ward W. Senn, Carl J. Shellman, Ernest
G. Sterner, C. O. Thauwald, F. O. Troo
ien, Emilie O. Boyer.
Kodaks at Moreau's
For cash or credit. 616 Nicollet av.
PLANS FOR SANATORIUM.
Plans are about completed for th,e. new State
sanatorium for consumptives to be located at
Walker, Minn on Leech lake. Bids tor con
struction vi ill be called for shortly by the state
board of control. The building will cost about
$35,000 and will be on a high hill in the pine
forests overlooking the water.
Caldwell's Imperial
Lawn Mower.
POINTS O
MERIT:
Rigid FrameThe knife-bar is
bolted to the side frames, insuring
a rigid frame.
Taking TJp WearThe wear in
the revolving cutter hangers or
shaft can be instantly taken up.
Easily SharpenedThe mower can
be sharpened in two minutes. In
order to do this it is not necessary
to remove or change any parts of
the machine, as in the case with all
other makes.
Terrace CuttingThis is the only
Lawn Mower that is especially
adapted to cutting terraces.
DurabilityWe can show mowers
with the Imperial rachets and ad
justments working perfectly after
fifteen years' use.
FOB SALE ONLY BY THE
WARNE HARDWAR E CO.
11 80. Fourth Street.
Tans Are Correct for Summer
WALKOVER TAN
OXFORD S
$3.50 AND $4.00
No shoe is so cool and com
fortable in summer as the tan
it's the ideal warm weather
shoe.
We show 62 styles in Oxfords and Shoes.
Priced at $3. BO, $4.00 and $0.00.
65 SOUTH
FOURTH ST. GEO. M. KEITH
"The Men's Shoe Store of the City.
^The price of the
Premo Film Box Camera
is $5 we sell it at $4.50
Size of picture made is 3%x4%.
It is the cheapest daylight film
loading. camera making this size
picture Furnished In 4x5 size also.
Premo quality is good.
O. H. Peck Company
112 Fifth Street South.
Our Developing Department Does
Correct Work.
Watches Cleaned. $1. Mam Springs, $1.
JOHN S. ALLEN
JEWELER^
Watches, Diamonds,
Jewelry, Silverware*^
Ground Floor.
Friday Evening, THE MINNEAPOLIS JOURNAL
SALYATION ARMY
ISSUES A REPORT
MINEAPOLIS WORK IS GIVEN IN
DETAIL.
Statistics Coyer All Branches of Eng
lish, Swedish and Norwegian Organ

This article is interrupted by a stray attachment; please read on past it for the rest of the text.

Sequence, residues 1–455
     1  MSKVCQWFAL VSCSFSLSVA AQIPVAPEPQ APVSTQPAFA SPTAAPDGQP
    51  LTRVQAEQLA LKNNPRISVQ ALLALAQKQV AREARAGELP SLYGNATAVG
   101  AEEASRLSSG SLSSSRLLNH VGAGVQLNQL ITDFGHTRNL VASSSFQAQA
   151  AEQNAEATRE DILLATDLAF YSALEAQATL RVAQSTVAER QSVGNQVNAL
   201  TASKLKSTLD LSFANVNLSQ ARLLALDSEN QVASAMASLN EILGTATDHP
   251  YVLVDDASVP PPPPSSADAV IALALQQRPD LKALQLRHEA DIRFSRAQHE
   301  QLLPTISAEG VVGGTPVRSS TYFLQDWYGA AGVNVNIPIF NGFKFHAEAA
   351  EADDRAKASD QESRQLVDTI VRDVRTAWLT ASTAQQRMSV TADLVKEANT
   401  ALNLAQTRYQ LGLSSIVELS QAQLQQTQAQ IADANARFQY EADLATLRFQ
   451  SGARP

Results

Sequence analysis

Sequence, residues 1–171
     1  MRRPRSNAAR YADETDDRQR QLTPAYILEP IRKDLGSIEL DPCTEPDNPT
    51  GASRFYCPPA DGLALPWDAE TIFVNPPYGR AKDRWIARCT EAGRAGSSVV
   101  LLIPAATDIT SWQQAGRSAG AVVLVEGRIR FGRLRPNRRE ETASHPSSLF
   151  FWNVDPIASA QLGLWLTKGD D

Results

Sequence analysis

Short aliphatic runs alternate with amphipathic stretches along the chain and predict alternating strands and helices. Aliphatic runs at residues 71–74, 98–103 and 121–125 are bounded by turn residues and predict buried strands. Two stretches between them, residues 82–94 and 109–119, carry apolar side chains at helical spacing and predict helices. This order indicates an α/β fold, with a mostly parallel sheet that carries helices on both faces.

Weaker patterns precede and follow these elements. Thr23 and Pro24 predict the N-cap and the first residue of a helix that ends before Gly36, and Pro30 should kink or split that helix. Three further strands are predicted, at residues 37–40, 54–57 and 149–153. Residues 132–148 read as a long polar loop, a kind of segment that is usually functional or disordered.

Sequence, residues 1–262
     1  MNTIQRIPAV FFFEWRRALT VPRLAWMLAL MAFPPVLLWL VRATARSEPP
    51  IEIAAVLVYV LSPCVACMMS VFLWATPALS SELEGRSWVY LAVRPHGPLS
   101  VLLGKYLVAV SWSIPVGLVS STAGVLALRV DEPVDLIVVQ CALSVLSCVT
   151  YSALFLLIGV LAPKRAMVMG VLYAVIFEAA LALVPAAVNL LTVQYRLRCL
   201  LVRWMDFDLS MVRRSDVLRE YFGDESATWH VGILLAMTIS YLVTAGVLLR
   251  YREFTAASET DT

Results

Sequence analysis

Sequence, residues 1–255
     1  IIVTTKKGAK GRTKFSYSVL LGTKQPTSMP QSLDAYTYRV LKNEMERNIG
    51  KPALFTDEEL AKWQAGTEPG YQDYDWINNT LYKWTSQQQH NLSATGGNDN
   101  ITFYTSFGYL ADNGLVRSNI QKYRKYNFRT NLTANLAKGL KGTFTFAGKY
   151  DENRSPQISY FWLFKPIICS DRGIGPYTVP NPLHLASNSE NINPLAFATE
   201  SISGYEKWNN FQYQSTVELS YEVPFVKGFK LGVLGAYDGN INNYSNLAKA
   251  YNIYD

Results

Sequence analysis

ization and Account for Every Cent
Collected and SpentHundreds of
Needy Given Food and Medicine.
Many obscure features of the complex
organization of the Salvation Army in
Minneapolis are made clear by the com
prehensive report prepared by Brigadier
John W. Cousins and his staff for cir
culation among the friends and support
ers of the army and all others who are
interested enough to apply for a copy.
The booklet is full of interesting in
formation and contains tabulated state
ments and balance sheets which show to
a cdnt just how much money has been
raised in Minneapolis and what has
been done with it. The summary of
the activities of the army, which ap
pears on one of the first pages, is partic
ularly enlightening.
Where Army Does Work.
This summary states that the army
operates in Minneapolis an English
speaking corps, an English-speaking
Sunday school, an English-speaking
Young People's society, two Swedish
speaking corps, two Swedish-speaking
Sunday schols, two Swedish-speaking
Young People's societies, a Norwegian
speaking corps, a Norwegian-speaking
Sunday school, a working men's hotel,
an industiial home, two rummage
stores, a free medical department, a
poor relief department, a missing
friends department, a labor bureau,
and a women's rescue home of the twin
cities.
All these agencies are located and
have local officers. The corps are reg
ular church organizations and have lay
secretaries and treasurers. The subsidi
ary societies are under the control of
their respective corps. In addition to
the local organization, Minneapolis is
the headquarters for the northwestern
territory, comprising Minnesota, North
Dakota, Wisconsin and northern Michi
gan. The headquarters staff has no di
rect charge over the local work.
Reports from Corps.
A full financial report from each
corps and from the industrial and relief
agencies is presented in the report.
Corps No. 1, English, has- a hall at
216 First avenue S. It is in charge of
Staff Captain and Mrs. McAbee. Mrs.
E. Drake and W. E. Miller are secre
taries. The financial report shows that
the corps raised and expended $3,471.34
in the fiscal vear of 1905.
Corps No. 4, Swedish, has a hall at
1709 Sixth street S, Captain Carl H.
Swanstrom is in command. P. Wallin
is treasurer and N. Strand is secretary.
The corps raised and expended $2,856.60
in the fiscal year of 1905.
Corps No. 7, Swedish, has a hall at
210 Twentieth avenue N. Captain H.
Hahl and Lieutenant C. Olsen are in
command. I. Aaker is treasurer and
C. Nelson is secretary. The corps
raised and expended $1,698.59 in the
fiscal year of 1905.
Corps No. 8, Norwegian, has a hall
at 2203 Central avenue. Captain O.
Hansen is in command Axle Berg-sen is
treasurer. The corps raised and ex
pended $635.94 in eight months of the
fiscal year of 1905.
Each corps conducts its own religious
services, maintains from two to four
salaried workers, and has all the de
partments of a well organized church.
Detail of Work.
In the general work are included the
twin city rescue home, winter relief,
free medical department, Christmas
dinner, industrial home and working
man's hotel.
The rescue home admitted 162 cases,
passed out to good situations 67, re
stored to relatives 68, unsatisfactory